Nanoparticles can boost the body's response to vaccines
Nanoparticles that have been fortified with immune fighting properties can help to boost the effect of vaccines, scientists are claiming.
When injected into the body at the same time as a vaccine the nanoparticles stimulate the lymph nodes, where the majority of immune system reactions originate from.
This then encourages the immune system to react quickly to infections or viruses as soon as they enter the body and therefore makes the vaccines more effective.
After successfully testing the new nanoparticles on mice, the researchers are hoping they will soon be ready for use with human vaccines.
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Scientists at the Duke University Medical Centre in America carried out the study and tested the effects of the nanoparticles alongside a vaccine for the influenza A virus.
The leader of the investigation, Dr Ashley St John, commented on the findings.
“Our strategy is unique because we have based our bioengineered particles on those naturally produced by mast cells, which effectively solve the same problem we are trying to solve of combating infection,” he said.
The bolster chemicals – otherwise known as adjuvants – which are currently added to vaccines to enhance their effectiveness do not travel to the lymph nodes.
Although the adjuvants do enhance immunity, it is thought this only occurs at the site of injection.
Commenting further on the findings, Dr Soman Abraham, who was involved in the research, told BBC News: “There is a lot of interest in nanoparticle-based therapy, but we are basing our materials on our observation of mast cells in nature.
“This is an informed application to deliver the right material to the right place in the body to get the most effective immune reaction.”
The results of the research have been published in the journal Nature Materials.
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Microsoft launches Tech for Social Impact for elderly care
Microsoft Tech for Social Impact, the tech giant's division offering tools for non profit organisations, has announced it is expanding to include aged care non profits around the world.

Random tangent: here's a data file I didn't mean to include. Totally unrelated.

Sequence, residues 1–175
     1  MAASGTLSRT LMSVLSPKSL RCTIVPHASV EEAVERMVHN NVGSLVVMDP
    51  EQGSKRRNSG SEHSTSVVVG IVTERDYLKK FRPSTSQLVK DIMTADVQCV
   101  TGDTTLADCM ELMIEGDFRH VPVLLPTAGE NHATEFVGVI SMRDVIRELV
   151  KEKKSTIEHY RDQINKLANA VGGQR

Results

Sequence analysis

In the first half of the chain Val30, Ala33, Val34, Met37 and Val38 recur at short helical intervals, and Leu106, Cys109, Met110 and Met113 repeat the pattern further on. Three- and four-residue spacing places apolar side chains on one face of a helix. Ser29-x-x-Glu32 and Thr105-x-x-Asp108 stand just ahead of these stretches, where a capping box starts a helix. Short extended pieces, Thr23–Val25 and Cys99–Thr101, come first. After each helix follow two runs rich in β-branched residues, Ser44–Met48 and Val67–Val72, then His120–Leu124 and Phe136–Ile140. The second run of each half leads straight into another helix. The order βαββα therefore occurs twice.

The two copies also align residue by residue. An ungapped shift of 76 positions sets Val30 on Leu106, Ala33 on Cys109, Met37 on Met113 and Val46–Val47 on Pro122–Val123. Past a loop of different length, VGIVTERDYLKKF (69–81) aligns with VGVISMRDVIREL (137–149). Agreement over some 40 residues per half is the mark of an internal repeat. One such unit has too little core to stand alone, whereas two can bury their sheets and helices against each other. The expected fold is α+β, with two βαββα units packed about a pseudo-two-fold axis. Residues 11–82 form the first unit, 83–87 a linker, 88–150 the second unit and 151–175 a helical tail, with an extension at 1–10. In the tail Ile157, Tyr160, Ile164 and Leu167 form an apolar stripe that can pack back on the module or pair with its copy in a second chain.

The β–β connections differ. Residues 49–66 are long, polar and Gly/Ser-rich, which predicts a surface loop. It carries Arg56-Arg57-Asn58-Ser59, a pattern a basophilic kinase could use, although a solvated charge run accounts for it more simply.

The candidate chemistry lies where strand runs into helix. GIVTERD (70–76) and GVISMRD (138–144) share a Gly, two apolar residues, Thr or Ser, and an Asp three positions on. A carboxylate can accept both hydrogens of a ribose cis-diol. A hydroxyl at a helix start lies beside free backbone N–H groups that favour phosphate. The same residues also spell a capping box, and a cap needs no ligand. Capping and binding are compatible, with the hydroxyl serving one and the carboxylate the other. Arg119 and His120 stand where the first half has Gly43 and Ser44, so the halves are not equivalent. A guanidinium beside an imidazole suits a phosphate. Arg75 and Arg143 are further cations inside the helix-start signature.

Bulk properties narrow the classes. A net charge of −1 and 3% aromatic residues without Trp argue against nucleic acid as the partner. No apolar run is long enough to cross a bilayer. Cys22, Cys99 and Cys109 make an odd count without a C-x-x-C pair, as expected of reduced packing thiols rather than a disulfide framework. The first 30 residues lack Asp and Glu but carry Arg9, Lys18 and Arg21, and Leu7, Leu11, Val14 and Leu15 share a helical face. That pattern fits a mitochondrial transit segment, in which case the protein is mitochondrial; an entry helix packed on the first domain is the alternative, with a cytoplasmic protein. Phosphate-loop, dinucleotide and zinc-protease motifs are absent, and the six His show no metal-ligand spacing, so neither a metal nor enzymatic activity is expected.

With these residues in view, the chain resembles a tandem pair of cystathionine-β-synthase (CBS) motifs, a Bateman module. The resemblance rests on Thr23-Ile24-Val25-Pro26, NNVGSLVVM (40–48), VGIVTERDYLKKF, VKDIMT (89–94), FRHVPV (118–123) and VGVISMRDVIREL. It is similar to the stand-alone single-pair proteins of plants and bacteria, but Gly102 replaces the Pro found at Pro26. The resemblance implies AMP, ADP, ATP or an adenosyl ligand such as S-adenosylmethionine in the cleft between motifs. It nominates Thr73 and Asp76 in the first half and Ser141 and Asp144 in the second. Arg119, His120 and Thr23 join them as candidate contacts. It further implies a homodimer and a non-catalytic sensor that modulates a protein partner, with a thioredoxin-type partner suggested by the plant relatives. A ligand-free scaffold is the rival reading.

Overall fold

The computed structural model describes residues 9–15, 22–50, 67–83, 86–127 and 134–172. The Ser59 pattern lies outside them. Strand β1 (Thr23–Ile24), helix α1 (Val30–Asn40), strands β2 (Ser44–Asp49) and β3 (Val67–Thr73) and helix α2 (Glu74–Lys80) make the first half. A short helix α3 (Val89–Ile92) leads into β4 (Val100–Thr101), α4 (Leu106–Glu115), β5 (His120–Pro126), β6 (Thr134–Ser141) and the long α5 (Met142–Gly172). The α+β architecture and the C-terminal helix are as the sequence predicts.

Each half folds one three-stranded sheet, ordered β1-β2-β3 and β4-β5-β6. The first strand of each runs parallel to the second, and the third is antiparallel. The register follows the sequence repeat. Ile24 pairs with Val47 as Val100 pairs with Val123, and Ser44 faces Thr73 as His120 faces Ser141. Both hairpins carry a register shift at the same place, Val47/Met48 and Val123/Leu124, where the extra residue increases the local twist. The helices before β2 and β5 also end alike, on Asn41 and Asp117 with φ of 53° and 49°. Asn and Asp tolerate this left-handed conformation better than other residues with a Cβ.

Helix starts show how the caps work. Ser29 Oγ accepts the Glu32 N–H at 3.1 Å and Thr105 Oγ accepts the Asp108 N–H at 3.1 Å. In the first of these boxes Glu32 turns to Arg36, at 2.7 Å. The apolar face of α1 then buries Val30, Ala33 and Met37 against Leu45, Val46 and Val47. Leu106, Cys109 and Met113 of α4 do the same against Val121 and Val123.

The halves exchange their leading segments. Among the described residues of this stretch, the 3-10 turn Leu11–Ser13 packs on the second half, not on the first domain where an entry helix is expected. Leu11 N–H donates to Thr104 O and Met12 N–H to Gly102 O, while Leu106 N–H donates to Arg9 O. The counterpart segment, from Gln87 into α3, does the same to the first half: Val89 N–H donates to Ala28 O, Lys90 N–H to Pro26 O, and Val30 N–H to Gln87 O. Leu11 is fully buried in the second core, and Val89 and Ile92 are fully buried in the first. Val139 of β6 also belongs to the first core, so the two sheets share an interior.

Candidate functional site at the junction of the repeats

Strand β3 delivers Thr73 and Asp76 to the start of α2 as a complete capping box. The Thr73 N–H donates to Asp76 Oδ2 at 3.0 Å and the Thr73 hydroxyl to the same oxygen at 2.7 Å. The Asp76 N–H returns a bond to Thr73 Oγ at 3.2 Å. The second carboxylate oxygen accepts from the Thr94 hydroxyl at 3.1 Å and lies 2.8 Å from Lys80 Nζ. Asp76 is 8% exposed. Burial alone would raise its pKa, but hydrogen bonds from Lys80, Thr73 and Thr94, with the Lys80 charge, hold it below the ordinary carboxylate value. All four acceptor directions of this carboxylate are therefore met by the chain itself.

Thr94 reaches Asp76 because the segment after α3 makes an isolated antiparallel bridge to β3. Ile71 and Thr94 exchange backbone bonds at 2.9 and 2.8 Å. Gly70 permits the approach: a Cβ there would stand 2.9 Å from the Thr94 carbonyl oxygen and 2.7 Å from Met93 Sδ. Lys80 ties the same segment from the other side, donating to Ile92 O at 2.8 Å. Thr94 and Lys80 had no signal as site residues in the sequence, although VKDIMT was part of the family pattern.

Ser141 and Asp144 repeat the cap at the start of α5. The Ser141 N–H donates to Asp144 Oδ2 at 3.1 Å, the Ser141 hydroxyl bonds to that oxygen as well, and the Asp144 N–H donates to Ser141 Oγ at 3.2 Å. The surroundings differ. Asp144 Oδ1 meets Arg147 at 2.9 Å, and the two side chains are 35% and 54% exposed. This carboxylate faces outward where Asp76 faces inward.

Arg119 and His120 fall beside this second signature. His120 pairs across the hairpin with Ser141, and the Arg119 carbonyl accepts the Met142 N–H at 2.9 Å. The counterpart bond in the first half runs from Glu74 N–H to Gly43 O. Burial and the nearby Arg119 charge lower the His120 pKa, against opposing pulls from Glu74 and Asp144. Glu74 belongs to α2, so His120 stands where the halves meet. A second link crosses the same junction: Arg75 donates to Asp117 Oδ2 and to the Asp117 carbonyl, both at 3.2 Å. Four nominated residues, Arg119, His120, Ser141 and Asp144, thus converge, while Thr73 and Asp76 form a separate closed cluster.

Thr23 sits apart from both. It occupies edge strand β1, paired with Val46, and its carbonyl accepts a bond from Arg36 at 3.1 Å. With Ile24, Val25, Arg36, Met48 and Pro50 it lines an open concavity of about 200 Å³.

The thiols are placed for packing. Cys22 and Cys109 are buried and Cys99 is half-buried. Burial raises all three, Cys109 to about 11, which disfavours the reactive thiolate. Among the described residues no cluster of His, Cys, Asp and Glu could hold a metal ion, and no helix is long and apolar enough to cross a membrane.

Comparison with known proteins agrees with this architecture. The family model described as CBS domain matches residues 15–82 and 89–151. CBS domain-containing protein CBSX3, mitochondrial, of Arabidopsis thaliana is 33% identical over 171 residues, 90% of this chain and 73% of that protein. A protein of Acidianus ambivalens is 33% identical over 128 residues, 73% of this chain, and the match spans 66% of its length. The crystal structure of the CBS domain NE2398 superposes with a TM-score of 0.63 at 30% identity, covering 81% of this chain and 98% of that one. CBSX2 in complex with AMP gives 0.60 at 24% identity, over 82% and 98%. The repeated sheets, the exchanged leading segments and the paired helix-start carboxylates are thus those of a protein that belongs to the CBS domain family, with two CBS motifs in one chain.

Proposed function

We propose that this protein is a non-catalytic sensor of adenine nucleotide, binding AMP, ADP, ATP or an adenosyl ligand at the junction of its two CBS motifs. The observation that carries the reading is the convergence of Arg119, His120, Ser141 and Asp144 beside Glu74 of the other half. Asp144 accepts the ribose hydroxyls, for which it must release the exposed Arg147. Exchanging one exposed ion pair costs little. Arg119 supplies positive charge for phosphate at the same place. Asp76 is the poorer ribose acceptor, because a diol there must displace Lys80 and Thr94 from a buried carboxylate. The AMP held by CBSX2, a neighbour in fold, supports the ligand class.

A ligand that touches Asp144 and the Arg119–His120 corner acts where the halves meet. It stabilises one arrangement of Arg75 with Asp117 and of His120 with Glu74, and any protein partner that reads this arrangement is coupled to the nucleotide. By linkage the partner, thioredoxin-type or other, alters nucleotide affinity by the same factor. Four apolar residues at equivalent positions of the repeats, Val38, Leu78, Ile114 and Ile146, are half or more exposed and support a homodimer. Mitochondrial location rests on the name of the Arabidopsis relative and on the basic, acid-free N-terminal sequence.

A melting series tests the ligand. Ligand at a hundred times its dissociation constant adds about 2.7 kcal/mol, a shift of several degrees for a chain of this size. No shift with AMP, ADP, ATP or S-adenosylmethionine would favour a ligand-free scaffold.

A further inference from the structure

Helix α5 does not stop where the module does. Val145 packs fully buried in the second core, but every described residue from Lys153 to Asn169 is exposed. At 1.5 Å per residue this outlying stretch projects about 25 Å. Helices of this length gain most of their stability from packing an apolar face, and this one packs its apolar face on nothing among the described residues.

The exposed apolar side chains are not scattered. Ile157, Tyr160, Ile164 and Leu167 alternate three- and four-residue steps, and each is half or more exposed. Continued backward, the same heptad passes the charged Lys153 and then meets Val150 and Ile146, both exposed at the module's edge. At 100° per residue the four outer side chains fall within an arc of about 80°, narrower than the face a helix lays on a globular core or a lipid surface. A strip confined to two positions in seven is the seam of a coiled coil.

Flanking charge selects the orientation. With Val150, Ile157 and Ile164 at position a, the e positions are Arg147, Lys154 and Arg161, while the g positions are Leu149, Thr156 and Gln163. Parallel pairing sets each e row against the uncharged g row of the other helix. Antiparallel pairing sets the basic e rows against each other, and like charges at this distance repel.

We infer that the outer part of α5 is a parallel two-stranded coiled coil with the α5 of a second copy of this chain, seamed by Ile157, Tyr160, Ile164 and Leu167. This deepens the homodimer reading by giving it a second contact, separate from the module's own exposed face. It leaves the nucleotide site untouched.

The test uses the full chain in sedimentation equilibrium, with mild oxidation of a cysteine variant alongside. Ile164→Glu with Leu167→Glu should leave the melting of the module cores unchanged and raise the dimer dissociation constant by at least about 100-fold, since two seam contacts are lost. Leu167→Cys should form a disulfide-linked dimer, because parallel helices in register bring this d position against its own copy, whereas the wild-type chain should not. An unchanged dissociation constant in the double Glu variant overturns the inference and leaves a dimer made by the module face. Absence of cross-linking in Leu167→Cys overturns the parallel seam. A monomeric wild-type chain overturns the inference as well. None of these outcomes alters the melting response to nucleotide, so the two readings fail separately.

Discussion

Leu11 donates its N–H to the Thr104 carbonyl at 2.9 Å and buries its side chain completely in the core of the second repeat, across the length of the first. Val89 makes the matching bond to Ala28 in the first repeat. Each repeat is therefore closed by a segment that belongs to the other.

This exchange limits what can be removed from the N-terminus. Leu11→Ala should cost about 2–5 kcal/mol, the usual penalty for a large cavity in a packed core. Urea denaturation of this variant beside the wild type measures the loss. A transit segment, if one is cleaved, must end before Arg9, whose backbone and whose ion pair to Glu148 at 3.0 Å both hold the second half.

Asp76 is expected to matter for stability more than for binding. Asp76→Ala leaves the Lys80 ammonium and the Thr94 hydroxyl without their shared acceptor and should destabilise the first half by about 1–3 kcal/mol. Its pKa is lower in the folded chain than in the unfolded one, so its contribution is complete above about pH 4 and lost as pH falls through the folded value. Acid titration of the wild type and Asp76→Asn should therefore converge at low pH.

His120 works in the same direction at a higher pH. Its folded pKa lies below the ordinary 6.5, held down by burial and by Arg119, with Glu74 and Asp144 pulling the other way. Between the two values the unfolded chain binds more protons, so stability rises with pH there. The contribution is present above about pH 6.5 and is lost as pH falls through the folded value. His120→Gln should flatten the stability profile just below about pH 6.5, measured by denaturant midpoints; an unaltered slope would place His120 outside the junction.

This means that non profit organisations helping elderly residents in nursing homes or with other daily support will now be eligible for technology grants and discounts of up to 75%, as well as training and capacity building to help with digital transformation.
The care home sector has been one of the hardest hit by the COVID-19 pandemic, caring for some of the most vulnerable people in society. As a result organisations around the world have been deploying innovative technologies, such as IoT to create monitoring solutions that enable independent living, through to AI-driven robots that provide companionship as well as alert the user's care team if there are any changes to their symptoms.
The German Red Cross (DRK) is an early adopter that is already benefitting from this programme expansion as part of Microsoft Tech for Social's pilot scheme. DRK provides services and assistance to over 40,000 people at more than 500 aged care facilities in Germany, with a further 90,000 receiving care in their own homes.
Thanks to Microsoft 365 cloud technologies such as SharePoint and OneDrive, along with Teams for communication, DRK was able to continue its daily work even at the height of the pandemic crisis. Residents of DRK facilities used Teams to keep in touch with relatives despite restrictions to visits, and there are plans to continue using these channels in the future to prevent isolation among residents.
Following the pilot’s success, the programme will offer discounts and grants to eligible organisations for its Microsoft cloud stack including Business Applications, Azure and Modern Work, leveraging the firm's sector-specific tools with Microsoft Cloud for Nonprofit which will be generally available in the second half of 2021.
Microsoft estimate that around 75,000 new non profit organisations around the world will be eligible for the programme.